1993

Shakespeare Electronic Conference, Vol. 4, No. 134.  Friday, 5 March 1993.
 
(1)     From:   Christoppher Johnston <This email address is being protected from spambots. You need JavaScript enabled to view it.>
        Date:   Friday, 5 Mar 93 1:42:48 EST
        Subj:   Re: SHK 4.0126  Q: "a naked new-born babe"
 
(2)     From:   Roy Flanngan <FLANNAGA@OUACCVMB>
        Date:   Friday, 5 March 93, 06:11:33 EST
        Subj:   [Re: "a naked new-born babe"]
 
 
(1)----------------------------------------------------------------------------
From:           Christoppher Johnston <This email address is being protected from spambots. You need JavaScript enabled to view it.>
Date:           Friday, 5 Mar 93 1:42:48 EST
Subject: 4.0126  Q: "a naked new-born babe"
Comment:        Re: SHK 4.0126  Q: "a naked new-born babe"
 
I'm not familiar with the various glosses of this, but it seems to be an
allusion to Judgement Day, a cherub blowing a trumpet riding a
horse of air, the same image being repeated in the newborn riding the blast
and the cherubim riding the wind-coursers.  In the Judgement, Duncan's virtues
will "plead like angels."
     There is also the emphasis on horse-riding, picked up by Macbeth's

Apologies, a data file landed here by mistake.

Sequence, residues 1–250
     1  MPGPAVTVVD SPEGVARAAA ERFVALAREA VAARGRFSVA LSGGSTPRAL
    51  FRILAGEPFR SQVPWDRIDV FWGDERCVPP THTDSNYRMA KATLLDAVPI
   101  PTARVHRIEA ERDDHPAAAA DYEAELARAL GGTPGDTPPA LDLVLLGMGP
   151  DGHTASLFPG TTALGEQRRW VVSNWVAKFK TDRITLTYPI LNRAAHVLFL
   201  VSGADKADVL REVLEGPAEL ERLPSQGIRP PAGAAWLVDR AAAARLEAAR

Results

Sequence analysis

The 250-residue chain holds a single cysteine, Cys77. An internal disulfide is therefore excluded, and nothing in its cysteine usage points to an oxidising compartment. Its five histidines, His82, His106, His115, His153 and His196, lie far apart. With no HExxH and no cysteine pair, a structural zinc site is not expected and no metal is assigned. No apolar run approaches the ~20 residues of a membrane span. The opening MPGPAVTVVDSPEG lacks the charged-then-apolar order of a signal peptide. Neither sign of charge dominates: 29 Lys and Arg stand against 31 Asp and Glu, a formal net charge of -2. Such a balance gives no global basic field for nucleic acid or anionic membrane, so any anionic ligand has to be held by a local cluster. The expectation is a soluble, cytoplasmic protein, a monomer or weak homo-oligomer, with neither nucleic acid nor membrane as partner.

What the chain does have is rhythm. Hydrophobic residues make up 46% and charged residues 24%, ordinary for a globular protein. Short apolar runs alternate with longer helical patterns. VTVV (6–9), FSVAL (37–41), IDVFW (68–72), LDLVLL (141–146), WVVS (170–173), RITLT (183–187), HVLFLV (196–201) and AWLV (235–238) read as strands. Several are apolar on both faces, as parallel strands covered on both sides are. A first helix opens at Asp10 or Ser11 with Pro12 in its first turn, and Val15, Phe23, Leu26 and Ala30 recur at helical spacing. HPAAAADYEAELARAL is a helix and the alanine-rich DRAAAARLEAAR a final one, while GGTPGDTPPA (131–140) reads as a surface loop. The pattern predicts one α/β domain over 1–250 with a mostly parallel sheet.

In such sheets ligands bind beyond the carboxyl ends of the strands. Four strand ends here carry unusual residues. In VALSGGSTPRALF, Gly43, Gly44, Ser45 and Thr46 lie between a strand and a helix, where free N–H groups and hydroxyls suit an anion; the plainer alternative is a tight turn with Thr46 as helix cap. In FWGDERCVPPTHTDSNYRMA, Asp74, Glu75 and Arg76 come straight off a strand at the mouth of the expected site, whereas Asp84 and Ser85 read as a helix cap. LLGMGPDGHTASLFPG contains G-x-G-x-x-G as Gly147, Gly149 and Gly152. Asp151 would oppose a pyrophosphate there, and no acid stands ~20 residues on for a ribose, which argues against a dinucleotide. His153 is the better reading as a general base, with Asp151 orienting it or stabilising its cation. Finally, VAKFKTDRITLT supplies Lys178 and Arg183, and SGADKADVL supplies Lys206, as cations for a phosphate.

"vaulting ambition" and the spur to prick his intent.  An apocalyptic
horse foreshadowing his perdition?
 
Todd Johnston
ccs.carleton.ca
 
(2)----------------------------------------------------------------------------
From:           Roy Flanngan <FLANNAGA@OUACCVMB>
Date:           Friday, 5 March 93, 06:11:33 EST
Subject:        [Re: "a naked new-born babe"]
 
Subject: sightless couriers and cherubim
 
"Sightless" could mean either "unseeable," hence invisible, or "without
the abilitity to see."  Probably in this case the couriers *are* the
winds, and it is we who cannot perceive them.  Compare the Attendant Spirit's
"I must be viewless now" in Milton's {Comus} 92.
 
Cherubim (the plural form of the noun meaning an order of angels) were often
painted as infants with wings, putti, despite the objections of some
thologians who wanted angels, if pictured at all, to appear ageless.
The word "cherub" could be applied to a young child, even by 1700.
 
Roy Flannagan

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